Sunday, October 19, 2014

The Problem in Limiting a Penetration Test

When approached by a business recently we were given a list of servers that the company did not want us to audit during the penetration testing phase of the audit. While this is not uncommon the shear number of servers on the list raised some questions. Most of the servers at the organization were billing systems and systems that stored customer records. Normally this is exactly the type of servers we want to check to make sure they are secure. The business justification in this case was that the servers were too sensitive to the corporate operations and that if any of the servers were inadvertently taken offline during the penetration testing that the company would lose money to the tune of up to $1 million per hour.

After completing the rest of the audit we had a sit down meeting with the management team and they would not budge on the rules of the engagement. In addition to this limitation they also stated that we were not to test any of their phone system during the audit. We agreed to play by their rules but we reminded them that hackers don't have to play by a set of rules and that by not testing these systems they would not know if there were problems that may be identified by the enemy at a later time. The company decided to assume the risk.

17 days after the penetration testing was completed the company detected strange activity on one of their systems. We were asked to do live forensics on the system and we immediately detected applications running in memory that were not supposed to be there. Luckily through troubleshooting we were able to confirm that the files in memory were not malicious but the increased memory utilization of the update processes (for a very popular program) were the cause of large amounts of memory being available on the system to the critical applications that were running on the system. 4 days after this discovery they company requested that the additional systems be audited.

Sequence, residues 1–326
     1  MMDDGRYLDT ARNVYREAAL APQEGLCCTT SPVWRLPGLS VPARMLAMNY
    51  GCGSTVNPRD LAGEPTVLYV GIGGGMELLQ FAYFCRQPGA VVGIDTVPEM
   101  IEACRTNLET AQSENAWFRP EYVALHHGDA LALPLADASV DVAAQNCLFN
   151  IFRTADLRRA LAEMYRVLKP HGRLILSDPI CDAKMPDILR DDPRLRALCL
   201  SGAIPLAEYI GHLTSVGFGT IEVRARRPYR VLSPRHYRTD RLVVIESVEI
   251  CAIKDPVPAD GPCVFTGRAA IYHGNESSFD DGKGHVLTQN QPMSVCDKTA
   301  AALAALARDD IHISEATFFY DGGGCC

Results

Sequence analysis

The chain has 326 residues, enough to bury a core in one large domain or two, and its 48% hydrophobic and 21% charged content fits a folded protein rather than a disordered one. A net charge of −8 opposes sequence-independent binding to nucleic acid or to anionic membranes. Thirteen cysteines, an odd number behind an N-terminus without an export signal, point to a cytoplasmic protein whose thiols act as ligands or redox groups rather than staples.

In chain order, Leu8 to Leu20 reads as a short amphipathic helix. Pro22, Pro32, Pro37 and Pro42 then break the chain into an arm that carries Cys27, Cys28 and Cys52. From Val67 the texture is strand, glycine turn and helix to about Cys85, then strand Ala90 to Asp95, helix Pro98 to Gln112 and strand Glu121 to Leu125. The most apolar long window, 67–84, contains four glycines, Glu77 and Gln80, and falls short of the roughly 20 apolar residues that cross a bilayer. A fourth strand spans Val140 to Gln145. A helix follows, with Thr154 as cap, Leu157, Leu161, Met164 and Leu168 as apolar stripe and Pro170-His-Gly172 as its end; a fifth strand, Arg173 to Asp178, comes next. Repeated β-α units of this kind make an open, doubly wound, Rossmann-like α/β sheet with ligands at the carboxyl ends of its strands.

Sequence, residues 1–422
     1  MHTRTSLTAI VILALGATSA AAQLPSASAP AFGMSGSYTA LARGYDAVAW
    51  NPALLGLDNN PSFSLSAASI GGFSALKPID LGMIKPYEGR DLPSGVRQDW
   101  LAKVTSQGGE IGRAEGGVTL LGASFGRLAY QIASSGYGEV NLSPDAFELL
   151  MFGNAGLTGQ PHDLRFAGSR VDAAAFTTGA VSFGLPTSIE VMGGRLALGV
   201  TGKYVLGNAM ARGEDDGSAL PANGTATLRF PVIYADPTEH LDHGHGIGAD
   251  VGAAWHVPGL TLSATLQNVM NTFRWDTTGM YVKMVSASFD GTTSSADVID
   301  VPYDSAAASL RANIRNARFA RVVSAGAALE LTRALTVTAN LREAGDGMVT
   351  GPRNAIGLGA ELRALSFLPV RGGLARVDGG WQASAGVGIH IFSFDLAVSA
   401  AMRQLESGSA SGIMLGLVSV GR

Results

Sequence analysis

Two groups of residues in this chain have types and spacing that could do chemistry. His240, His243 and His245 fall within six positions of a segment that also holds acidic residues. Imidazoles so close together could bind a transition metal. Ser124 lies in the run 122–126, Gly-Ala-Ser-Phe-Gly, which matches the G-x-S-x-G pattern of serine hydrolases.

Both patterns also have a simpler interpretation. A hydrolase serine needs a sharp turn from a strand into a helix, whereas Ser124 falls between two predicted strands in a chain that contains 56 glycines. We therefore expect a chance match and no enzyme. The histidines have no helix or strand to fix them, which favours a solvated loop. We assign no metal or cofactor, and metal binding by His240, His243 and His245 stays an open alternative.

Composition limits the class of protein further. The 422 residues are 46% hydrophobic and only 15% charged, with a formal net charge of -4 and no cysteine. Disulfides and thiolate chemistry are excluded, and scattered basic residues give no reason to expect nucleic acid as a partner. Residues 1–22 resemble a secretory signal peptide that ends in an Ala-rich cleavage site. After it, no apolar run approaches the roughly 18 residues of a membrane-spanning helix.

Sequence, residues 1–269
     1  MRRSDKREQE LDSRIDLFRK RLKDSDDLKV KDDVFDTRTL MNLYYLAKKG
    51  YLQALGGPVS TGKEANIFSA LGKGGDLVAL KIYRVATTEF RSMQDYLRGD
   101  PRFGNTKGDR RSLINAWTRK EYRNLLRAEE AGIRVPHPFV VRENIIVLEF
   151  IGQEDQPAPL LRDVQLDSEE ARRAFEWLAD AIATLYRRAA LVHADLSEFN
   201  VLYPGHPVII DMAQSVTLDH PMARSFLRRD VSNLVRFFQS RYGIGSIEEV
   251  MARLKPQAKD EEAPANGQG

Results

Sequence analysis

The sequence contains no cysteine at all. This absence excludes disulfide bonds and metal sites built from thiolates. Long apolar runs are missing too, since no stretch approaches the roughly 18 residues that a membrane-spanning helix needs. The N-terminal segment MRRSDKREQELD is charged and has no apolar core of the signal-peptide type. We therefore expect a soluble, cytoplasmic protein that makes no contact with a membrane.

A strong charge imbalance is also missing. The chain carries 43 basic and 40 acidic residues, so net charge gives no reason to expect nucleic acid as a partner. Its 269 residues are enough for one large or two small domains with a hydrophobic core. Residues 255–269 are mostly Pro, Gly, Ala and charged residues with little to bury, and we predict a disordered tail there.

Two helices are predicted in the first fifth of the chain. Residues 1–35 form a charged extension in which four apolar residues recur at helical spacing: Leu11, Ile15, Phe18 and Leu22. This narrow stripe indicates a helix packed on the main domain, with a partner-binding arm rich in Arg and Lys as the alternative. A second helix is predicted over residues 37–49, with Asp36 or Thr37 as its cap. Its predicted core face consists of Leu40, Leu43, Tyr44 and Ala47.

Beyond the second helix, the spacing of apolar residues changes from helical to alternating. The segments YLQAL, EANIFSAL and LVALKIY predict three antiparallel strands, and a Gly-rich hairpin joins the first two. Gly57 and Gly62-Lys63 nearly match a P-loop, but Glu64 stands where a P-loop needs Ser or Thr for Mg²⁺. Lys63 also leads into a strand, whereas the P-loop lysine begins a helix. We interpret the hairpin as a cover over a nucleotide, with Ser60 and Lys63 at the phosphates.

I want to remind companies that hackers don't play by rules. They don't care if a critical system crashes or if your customer database is taken offline. In fact that's the very goal of some hackers out there. The only thing they want to do is disrupt your business and some hackers will take that as a win. When doing penetration testing it's important for the team to test systems as safely as possible but the risk of having a system go offline during testing is a real concern for business. It would be best to have this occur in a controlled maintenance window as opposed to a busy time of the day where those systems are bringing in revenue.

If a company limits the scope of testing they also limit the usefulness of the audit report. It's not possible to have the best of both worlds in this case and a controlled crash is a much better outcome than a loss of income due to a hacker discovering an unpatched system during a critical time. Get the most of your audit and make sure you have all areas tested completely and documented accurately. Then if something happens in the future at least you will know the risk associated with a particular system or platform.

If you are dead set on setting rules set time based rules for the audit. Review the test plan and understand what the auditors will be doing to test your security and at a minimum don't change your day to day operations just because you are going through an audit. You want to make sure your team is adequately prepared to deal with the results whatever they may be.

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